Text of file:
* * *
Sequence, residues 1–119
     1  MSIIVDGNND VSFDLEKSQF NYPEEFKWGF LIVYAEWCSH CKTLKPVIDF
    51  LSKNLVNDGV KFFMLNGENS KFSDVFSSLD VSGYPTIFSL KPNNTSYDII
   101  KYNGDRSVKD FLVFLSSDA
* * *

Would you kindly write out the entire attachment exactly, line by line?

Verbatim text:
Sequence, residues 1–119
     1  MSIIVDGNND VSFDLEKSQF NYPEEFKWGF LIVYAEWCSH CKTLKPVIDF
    51  LSKNLVNDGV KFFMLNGENS KFSDVFSSLD VSGYPTIFSL KPNNTSYDII
   101  KYNGDRSVKD FLVFLSSDA